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Watch the second trailer for Don't Worry Darling
From the composer behind How to Train Your Dragon comes a spine-chilling score to Olivia Wilde’s psychological thriller, starring Harry Styles and Florence Pugh.
Don’t Worry Darling, the latest project of actor and director Olivia Wilde, hit cinema screens on Friday 23 September with its star-studded cast featuring Wilde, Harry Styles, Florence Pugh, Chris Pine and Gemma Chan.
The soundtrack combines the jaunty upbeat sound of jazz and soul music by the likes of Dizzy Gillespie, Ray Charles and the Benny Goodman Trio, with a dystopian and unsettling original score by composer John Powell.
Powell is perhaps best known for his scores to the How to Train Your Dragon trilogy (2010-2019), the first of which earned him an Oscar nomination, as well as Chicken Run (2000) and the Happy Feet films (2006-2011), for which he was nominated for a Grammy Award.
The original score to Don’t Worry Darling sees John Powell reaching into a much darker mood to create a spooky dynamic that unsettles the seemingly idyllic life of Jack (Styles), Alice (Pugh), and their neighbours in Victory, USA.
If you haven’t already seen the film, beware of spoilers ahead…
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Don’t Worry Darling is a psychological thriller, set in the experimental town of Victory. On the surface, it’s all idyllic, 1950s Americana, complete with hard-working husbands, obedient housewives, and happy families. At the helm of it all is the mysterious Frank, played by Chris Pine, who founded the ‘Victory Project’ where all the town’s men work.
But in a shock twist, we find out that all is not as it seems.
John Powell’s original score perfectly juxtaposes the upbeat records played by the characters themselves, and pays homage to some of cinema’s greatest soundtracks as well as pioneering composers of the 20th century.
The first hint in the soundtrack that something ominous is afoot, is Powell’s use of extremely low notes, some with frequencies near, or below the threshold of human hearing. Notes at this frequency cannot be heard, only felt – a technique previously used by Steven Price in the score to the 2013 sci-fi film Gravity.
Powell harks back to film score royalty, with a nod to one of cinema’s most infamous scoring moments. In Alfred Hitchcock’s 1960 horror, Psycho, Bernard Herrmann infamously wrote a piercing violin line for the shower scene, as the main character is stabbed to death.
In Don’t Worry Darling, as one character stands on the roof to her house, knife in hand, Powell’s score echoes Herrmann’s work with a sharp, stabbing motif.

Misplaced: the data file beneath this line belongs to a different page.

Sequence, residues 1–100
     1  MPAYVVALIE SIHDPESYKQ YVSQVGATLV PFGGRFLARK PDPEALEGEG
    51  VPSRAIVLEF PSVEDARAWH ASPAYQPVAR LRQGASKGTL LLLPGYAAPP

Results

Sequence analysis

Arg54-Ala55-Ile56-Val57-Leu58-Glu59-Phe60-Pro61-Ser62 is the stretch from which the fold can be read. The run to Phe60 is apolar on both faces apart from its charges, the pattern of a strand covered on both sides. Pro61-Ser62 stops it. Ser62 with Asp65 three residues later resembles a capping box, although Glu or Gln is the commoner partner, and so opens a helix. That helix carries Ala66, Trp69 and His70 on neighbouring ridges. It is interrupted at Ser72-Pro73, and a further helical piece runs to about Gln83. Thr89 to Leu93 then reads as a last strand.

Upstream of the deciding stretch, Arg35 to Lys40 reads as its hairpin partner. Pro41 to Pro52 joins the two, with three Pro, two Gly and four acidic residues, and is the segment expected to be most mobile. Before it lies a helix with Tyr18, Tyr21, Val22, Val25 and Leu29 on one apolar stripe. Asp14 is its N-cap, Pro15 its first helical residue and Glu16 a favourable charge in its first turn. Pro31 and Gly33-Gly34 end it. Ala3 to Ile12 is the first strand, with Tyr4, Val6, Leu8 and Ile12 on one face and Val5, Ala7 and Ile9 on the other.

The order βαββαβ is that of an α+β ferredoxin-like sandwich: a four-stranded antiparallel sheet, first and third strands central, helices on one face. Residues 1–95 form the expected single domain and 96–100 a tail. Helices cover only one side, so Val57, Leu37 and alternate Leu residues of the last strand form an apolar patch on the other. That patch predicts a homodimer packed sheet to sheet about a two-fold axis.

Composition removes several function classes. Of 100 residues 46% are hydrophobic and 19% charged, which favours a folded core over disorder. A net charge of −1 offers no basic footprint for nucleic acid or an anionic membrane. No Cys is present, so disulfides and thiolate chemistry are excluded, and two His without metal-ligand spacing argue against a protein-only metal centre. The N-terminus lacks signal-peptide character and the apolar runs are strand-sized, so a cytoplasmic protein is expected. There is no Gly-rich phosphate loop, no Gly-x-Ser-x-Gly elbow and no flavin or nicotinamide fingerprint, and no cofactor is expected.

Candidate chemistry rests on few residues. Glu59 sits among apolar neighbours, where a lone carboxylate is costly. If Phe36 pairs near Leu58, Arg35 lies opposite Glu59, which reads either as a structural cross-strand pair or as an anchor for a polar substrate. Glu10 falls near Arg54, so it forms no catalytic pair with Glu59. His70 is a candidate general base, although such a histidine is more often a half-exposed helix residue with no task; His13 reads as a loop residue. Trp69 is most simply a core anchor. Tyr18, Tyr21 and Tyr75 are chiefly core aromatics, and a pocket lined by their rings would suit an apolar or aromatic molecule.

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Much of Powell’s score is also reminiscent of the experimental electronic music that was emerging from studios across Europe in the mid to late-20th century, most prominently in England, France and Germany.
Through manipulations of recorded sound, Powell reverses, distorts, speeds up and slows down, chops, and changes his score in a manner that recalls the pioneering work of Karlheinz Stockhausen, Pierre Schaeffer and Eliane Radigue.
The haunting voices of a women’s choir accompany many of the tense moments in the film, with wordless phrases that progress into spine-chilling primal cries.
The thread that runs through the entire film, incorporated into the storyline and the soundtrack, is a simple motif hummed by Alice as she goes about her day-to-day life. As her flashbacks become more vivid and detailed, Alice remembers more of the song and where she knows it from, ultimately revealing the major plot twist at the end of the film.
The melody was written by Harry Styles, who apparently came up with it in 15 minutes after noodling on the piano. He later put words to the melody, and the result is a slightly eerie track titled ‘With You All the Time’, sung by the lead characters Alice and Jack.
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In addition to Powell’s original score, the film also includes ‘diegetic’ music – music that is part of the film’s scene and is heard by the characters as well as the audience.
In Don’t Worry Darling, the playlist is curated by music editor Bill Bernstein and features upbeat jazz and soul tracks from the 1950s and 60s including:
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